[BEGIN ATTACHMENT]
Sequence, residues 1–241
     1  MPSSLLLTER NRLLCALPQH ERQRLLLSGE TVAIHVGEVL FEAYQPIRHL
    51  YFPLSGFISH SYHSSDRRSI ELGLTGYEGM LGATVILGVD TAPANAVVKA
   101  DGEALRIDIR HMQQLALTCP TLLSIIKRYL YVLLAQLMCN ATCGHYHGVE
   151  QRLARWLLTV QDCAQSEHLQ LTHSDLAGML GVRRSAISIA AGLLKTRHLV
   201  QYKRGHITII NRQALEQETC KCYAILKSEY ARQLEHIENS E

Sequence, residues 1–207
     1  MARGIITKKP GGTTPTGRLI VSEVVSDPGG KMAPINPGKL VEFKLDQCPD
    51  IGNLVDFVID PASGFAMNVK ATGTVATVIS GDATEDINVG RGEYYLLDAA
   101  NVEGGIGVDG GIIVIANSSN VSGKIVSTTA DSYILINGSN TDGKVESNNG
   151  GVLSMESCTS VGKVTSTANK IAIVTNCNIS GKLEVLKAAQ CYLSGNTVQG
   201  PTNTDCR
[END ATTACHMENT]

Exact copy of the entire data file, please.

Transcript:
Sequence, residues 1–241
     1  MPSSLLLTER NRLLCALPQH ERQRLLLSGE TVAIHVGEVL FEAYQPIRHL
    51  YFPLSGFISH SYHSSDRRSI ELGLTGYEGM LGATVILGVD TAPANAVVKA
   101  DGEALRIDIR HMQQLALTCP TLLSIIKRYL YVLLAQLMCN ATCGHYHGVE
   151  QRLARWLLTV QDCAQSEHLQ LTHSDLAGML GVRRSAISIA AGLLKTRHLV
   201  QYKRGHITII NRQALEQETC KCYAILKSEY ARQLEHIENS E

Sequence, residues 1–207
     1  MARGIITKKP GGTTPTGRLI VSEVVSDPGG KMAPINPGKL VEFKLDQCPD
    51  IGNLVDFVID PASGFAMNVK ATGTVATVIS GDATEDINVG RGEYYLLDAA
   101  NVEGGIGVDG GIIVIANSSN VSGKIVSTTA DSYILINGSN TDGKVESNNG
   151  GVLSMESCTS VGKVTSTANK IAIVTNCNIS GKLEVLKAAQ CYLSGNTVQG
   201  PTNTDCR